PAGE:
In the fall of 2016, Wab Kinew wrote a Facebook post inviting educators to partner “mainstream” classes with First Nation schools/classes to discuss “What does reconciliation look like?”. Jaclyn Calder and I joined forces (along with Shannon Simpson and Caroline Black) to design a project that offered students an opportunity to think deeply about the relationship between Natives and non-Natives in Canada, generally, and their understanding of reconciliation, specifically. You can view the project at #CraftReconciliation with SCDSB, Wikwemikong, and Rama First Nations.
Here I am summarizing and reflecting on the project. There are five posts in this series, and they are organized around the Ontario Adolescent Literacy Guide‘s five components:
I have also organized the posts in a way that I hope makes visible the teaching – learning process so that other teachers can ‘see’ the learning that emerged from this project.
Refers to students purposefully selcting and using techniques and processes in order to construct and communicate meaning.
Apply comprehension strategies before, during and after reading, listening, and viewing to develop understanding.
The #craftreconciliation project for me was a way to frame the research process for students. I want them to care about their topic. I want them to learn the steps in the process so well that they can decide to innovate and make the process theirs. But first, we work on making meaning with increasingly complex text. The conversation about reconciliation can be challenging not just because it might be emotionally charged content, but also because the content; that is the history, the politics, the culture, the opinions found in these conversations are complex. Take, for example, Daniel Francis’ ideas around the imaginary Indian. Students struggle to grasp the notion that people think that “Indians” don’t exist in the modern world, and especially that Francis’ argument that the “history of the “Indian” image mythologized by popular Canadian culture since 1850, [propagates] stereotypes that exist to this day.” Or the article on the “Greetings Native Savages” sticker that I wrote about in #craftreconciliation: Critical Literacy. This is interesting, but tough stuff.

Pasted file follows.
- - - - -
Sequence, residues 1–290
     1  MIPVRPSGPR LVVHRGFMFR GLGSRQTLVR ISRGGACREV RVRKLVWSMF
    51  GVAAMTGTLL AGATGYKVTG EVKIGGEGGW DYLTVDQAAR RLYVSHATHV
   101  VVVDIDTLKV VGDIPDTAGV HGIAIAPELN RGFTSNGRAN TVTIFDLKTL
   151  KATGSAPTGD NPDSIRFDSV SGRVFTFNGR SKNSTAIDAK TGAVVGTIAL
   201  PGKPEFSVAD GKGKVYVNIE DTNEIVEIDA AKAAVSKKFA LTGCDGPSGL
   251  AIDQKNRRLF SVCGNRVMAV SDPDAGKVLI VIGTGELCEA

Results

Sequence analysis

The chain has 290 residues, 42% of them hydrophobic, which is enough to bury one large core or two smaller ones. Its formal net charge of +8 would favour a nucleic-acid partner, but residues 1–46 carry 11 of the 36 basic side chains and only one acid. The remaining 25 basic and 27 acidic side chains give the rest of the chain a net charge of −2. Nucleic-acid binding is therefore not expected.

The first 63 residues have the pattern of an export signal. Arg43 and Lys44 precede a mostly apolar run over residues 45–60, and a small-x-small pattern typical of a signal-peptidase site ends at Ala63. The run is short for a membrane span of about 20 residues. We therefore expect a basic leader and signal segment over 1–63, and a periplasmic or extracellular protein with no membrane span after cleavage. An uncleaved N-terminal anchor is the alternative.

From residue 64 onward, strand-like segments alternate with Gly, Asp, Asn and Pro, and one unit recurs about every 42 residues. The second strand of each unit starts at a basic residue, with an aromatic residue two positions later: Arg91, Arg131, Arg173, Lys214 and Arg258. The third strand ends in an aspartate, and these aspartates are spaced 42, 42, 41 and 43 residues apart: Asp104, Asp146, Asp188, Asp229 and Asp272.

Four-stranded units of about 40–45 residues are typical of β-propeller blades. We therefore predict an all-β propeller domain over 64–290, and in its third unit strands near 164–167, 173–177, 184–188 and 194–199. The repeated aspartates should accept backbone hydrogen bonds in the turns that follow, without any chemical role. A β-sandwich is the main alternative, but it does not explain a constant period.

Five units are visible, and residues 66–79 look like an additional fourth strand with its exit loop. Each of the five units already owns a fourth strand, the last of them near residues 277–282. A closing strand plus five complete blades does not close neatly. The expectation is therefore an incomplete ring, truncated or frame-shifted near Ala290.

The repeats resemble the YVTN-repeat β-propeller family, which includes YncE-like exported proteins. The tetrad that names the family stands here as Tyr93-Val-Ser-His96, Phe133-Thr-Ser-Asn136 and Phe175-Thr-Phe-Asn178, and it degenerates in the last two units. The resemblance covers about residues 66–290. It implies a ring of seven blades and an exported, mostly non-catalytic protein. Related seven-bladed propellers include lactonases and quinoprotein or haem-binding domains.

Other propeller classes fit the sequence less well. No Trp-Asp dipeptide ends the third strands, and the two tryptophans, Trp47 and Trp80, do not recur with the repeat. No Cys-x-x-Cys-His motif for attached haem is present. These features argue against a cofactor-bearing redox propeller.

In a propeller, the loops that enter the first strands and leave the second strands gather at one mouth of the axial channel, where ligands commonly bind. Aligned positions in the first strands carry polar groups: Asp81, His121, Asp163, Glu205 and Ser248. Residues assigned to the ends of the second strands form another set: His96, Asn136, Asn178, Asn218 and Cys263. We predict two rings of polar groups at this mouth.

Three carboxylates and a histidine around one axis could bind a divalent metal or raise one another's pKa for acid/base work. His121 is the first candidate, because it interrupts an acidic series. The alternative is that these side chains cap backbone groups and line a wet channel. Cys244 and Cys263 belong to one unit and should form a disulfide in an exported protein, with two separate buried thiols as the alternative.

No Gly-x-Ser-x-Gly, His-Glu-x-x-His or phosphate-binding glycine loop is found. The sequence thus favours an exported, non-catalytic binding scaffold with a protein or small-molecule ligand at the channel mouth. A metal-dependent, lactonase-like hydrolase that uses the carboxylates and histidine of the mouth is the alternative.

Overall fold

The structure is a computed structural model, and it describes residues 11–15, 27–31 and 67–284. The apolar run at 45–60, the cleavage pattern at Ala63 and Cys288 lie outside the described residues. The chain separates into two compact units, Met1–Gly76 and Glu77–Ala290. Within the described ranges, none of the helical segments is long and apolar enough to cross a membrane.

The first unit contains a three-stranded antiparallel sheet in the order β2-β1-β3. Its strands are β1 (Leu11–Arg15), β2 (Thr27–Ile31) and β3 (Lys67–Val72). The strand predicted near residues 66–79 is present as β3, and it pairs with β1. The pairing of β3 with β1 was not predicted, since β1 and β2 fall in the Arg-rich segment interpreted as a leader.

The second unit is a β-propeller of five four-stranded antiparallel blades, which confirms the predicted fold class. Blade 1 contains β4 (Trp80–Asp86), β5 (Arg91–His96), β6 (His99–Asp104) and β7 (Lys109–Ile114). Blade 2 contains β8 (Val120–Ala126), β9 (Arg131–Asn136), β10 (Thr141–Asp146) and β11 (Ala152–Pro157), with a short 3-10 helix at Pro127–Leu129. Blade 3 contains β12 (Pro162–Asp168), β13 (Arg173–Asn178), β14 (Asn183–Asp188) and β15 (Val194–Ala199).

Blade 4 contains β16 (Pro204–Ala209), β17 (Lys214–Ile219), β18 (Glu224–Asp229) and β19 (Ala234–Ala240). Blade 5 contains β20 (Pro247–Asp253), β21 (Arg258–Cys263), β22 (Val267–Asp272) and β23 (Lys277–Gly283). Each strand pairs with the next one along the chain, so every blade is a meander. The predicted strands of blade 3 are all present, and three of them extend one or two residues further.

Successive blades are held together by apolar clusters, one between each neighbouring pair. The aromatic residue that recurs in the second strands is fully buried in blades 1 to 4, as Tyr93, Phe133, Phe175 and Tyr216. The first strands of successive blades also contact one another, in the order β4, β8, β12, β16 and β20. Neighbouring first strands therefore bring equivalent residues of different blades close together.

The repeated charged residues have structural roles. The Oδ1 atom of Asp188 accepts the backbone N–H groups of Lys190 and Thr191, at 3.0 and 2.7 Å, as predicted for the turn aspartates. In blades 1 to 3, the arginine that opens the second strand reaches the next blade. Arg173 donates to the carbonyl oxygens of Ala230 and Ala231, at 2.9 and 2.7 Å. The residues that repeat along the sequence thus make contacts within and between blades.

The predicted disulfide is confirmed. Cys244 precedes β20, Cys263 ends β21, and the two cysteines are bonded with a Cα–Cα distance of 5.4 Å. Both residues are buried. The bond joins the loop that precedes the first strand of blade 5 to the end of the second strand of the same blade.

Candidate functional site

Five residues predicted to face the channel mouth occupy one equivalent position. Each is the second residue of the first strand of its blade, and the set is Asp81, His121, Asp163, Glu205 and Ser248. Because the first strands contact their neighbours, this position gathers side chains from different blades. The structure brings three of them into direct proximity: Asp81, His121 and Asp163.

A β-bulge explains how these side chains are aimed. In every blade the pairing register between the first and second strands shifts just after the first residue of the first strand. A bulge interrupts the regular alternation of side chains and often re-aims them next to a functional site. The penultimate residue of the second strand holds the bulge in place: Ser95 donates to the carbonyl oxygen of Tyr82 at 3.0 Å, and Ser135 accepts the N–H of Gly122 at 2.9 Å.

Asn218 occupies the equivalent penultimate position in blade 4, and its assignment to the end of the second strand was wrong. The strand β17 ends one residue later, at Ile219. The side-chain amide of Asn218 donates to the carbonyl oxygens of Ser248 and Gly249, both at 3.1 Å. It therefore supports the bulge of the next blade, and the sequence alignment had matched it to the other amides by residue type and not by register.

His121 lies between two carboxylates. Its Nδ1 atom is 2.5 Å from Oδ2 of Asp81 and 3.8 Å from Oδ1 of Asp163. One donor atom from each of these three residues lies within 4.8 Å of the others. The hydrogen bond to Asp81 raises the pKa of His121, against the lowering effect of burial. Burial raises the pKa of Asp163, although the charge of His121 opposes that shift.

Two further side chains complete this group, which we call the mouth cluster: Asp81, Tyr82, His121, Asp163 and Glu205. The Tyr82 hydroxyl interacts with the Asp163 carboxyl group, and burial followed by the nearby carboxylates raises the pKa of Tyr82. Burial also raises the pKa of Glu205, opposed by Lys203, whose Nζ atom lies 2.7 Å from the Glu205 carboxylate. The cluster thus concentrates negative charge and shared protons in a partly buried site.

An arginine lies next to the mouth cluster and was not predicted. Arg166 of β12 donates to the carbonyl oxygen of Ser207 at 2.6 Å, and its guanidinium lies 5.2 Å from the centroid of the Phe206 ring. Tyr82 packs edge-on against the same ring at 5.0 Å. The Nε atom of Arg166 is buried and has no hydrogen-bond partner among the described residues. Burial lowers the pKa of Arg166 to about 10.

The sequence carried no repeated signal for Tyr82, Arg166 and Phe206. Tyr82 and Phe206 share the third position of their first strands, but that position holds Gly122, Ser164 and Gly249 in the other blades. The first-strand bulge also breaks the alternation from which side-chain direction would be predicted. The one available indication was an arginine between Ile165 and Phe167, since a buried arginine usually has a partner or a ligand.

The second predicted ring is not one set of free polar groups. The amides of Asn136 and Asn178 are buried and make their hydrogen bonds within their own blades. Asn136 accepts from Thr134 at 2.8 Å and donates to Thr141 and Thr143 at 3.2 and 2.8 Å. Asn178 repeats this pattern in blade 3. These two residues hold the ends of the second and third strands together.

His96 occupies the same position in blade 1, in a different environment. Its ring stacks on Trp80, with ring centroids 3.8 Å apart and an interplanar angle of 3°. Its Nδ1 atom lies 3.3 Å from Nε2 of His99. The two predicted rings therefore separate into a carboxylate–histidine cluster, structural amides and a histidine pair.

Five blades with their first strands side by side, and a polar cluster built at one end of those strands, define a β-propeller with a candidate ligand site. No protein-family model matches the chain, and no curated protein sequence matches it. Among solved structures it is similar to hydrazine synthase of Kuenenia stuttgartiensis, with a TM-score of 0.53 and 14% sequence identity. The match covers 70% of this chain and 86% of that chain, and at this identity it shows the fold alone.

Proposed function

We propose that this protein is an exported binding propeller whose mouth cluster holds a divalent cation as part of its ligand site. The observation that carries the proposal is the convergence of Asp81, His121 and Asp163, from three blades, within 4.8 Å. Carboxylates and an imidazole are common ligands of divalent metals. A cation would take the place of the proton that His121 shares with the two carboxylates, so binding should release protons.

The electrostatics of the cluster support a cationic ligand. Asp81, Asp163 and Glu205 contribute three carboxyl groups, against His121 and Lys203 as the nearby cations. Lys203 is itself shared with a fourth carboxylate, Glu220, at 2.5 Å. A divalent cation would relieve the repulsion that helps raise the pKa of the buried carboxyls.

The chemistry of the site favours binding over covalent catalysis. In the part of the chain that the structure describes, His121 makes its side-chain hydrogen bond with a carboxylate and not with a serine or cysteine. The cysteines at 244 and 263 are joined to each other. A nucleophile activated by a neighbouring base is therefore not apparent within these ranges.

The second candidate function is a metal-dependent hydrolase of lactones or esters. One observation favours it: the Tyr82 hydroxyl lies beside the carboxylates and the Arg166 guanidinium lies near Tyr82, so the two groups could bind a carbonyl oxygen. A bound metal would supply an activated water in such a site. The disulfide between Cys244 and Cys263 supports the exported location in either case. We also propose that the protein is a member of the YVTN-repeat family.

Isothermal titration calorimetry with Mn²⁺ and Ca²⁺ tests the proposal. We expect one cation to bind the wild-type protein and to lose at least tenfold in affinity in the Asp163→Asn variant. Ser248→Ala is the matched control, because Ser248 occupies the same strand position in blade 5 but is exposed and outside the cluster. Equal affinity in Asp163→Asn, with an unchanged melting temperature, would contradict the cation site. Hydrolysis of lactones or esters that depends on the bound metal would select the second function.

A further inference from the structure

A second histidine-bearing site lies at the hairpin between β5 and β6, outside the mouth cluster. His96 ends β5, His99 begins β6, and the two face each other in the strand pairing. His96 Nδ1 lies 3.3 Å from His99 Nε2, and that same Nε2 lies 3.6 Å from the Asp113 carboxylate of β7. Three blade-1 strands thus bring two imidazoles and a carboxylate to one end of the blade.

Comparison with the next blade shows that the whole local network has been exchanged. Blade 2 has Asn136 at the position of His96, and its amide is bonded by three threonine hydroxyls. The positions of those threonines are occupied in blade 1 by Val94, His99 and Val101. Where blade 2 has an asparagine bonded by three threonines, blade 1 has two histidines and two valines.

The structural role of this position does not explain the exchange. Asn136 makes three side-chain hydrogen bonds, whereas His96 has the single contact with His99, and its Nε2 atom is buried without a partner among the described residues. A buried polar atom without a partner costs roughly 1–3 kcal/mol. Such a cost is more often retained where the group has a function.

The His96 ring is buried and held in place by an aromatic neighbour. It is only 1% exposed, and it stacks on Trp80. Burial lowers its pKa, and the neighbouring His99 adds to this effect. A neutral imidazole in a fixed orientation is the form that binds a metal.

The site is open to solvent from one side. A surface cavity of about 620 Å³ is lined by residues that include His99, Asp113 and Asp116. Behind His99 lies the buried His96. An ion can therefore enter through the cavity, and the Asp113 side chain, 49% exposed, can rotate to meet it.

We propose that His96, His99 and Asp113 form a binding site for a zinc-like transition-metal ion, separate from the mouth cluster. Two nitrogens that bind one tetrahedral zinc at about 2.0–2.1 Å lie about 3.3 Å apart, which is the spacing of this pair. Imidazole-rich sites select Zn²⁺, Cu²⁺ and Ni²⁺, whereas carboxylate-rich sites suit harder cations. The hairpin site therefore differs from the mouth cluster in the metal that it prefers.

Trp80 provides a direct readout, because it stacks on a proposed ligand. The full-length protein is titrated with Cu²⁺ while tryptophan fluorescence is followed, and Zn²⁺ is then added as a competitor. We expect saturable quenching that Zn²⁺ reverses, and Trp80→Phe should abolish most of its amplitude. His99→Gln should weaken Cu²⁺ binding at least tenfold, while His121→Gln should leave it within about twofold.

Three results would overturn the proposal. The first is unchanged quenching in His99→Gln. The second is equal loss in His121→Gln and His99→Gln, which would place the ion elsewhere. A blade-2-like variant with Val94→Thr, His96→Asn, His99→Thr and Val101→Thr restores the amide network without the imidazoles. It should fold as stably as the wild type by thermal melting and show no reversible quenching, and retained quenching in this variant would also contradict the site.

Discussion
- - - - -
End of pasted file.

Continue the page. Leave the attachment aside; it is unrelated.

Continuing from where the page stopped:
And worth the effort.
When we recognize how the ideas in a text connect to our experiences and beliefs, events happening in the larger world, our understanding of history, and our knowledge of other texts, we value what we are reading.
What’s the purpose of doing this thinking?
- To deepen meaning and understanding
- To think critically
- To evaluate what I have read/viewed/listened to
- To accept or reject the text
- To understand various perspectives
How do we do it?
The strategy I focus on is annotating a text. There are many systems for annotating a text but all of them push readers to read actively. Here is my list: